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Rents at the Tannery in Peabody to stay affordable until 2058

PEABODY — Tenants at the Tannery apartments on Crowninshield Street can breathe a sigh of relief.

An eleventh-hour deal was signed Thursday that will keep the rents in the 235 apartments affordable until 2058.

“I’m overwhelmed and so grateful,” said Gail Covitz as she choked back tears. “I don’t mean to cry, but I’m so happy I can finally relax and live my life again.”

The 56-year-old Peabody native, who lives on Social Security Disability Insurance, is one of nearly 300 tenants who faced an uncertain future and possible homelessness.

Built in 1915 at the former A.C. Lawrence Tannery, the seven-story masonry building was converted into housing in the 1970s with financing from MassHousing. The state’s affordable housing bank provides developers with incentives, such as low interest mortgages, in exchange for keeping rents low.

But the deal to keep rents affordable expired this month, which would have allowed the landlord, Peabody-based Crowninshield Management Corp., to charge market-rate rents.

That would have meant the cost of a unit in the historic apartment community, now set from $0 to $618 for a studio apartment and $0 to $720 for a one-bedroom, would have skyrocketed. Tenants would be faced with market rate rents of $1,800 to $2,100, according to

While state law would have allowed Crowninshield to hike rents or sell the property to the highest bidder, it is required to allow the state Department of Housing and Community Development (DHCD), or its designated buyer, the right of first refusal on any offer. In this case, DHCD designated WinnCos. of Boston, one of the nation’s largest managers of multifamily housing, as the preferred developer.

But Winn said it needed help to match the $37.5 million offer of a second developer, TrueNorth Capital Partners LLC of Stamford, Conn.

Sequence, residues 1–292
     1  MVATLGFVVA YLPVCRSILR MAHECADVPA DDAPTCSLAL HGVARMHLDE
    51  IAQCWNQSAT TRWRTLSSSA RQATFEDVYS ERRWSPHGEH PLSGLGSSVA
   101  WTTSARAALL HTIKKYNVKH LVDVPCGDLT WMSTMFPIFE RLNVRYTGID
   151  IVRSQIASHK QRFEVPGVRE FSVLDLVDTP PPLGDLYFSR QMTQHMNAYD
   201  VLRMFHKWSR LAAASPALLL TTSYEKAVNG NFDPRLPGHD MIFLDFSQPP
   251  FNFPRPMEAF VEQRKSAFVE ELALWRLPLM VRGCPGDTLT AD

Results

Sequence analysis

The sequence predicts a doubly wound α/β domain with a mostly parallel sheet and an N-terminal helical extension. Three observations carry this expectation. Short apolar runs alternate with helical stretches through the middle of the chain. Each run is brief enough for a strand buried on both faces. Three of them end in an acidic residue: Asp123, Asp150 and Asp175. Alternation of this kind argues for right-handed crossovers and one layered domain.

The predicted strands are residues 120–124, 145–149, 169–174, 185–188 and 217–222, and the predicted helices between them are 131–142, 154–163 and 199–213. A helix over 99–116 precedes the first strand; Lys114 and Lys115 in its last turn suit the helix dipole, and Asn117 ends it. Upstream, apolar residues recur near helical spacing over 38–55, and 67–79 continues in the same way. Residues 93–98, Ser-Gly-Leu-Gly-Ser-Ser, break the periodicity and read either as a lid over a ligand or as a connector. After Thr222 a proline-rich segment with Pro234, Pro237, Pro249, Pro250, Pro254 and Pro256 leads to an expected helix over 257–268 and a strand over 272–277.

It’s a staggering number considering the building is assessed at $13.6 million.

A team led by Mayor Edward Bettencourt Jr. that included state Rep. Thomas Walsh (D-Peabody), state Sen. Joan Lovely (D-Salem), and executives from Winn, MassHousing, DHCD, hammered out the deal during multiple meetings over the last two weeks.

“I am pleased and very proud to say we have signed [a] purchase and sale agreement with Winn and the Tannery I apartment complex,” he said. “This was a real collaborative effort between a number of officials and agencies that really stepped up to make this happen.”

The mayor’s mission, he said, was to find cash to match the offer, keep rents low, and end uncertainty for residents.

Under the terms of the deal, the city will contribute $1.6 million from the city’s Community Preservation and Inclusionary Zoning accounts, funds which are reserved exclusively for affordable housing projects.

“This was important to provide tenants with relief,” Bettencourt  said. “It was a priority to make this deal happen.”

The mayor said he must still get approval from the City Council, but he expects it will be unanimous.

The amount contributed by Winn, MassHousing, and DHCD under the agreement was unclear Thursday night.

Walsh said it’s a huge deal for the city.

“Not only will this protect residents well into the future who would have been displaced if the building went market rate,” he said. “But we would have lost more than 200 units of housing toward the state’s 10 percent affordable goal.”

Covitz, who lobbied lawmakers to keep the property affordable, praised the mayor and the city’s Beacon Hill delegation.

“I have never been politically active,” she said. “But I have never seen a team fight so hard for people that really needed it. I’m so impressed and so glad I told them what tenants faced. I can’t thank them enough.”

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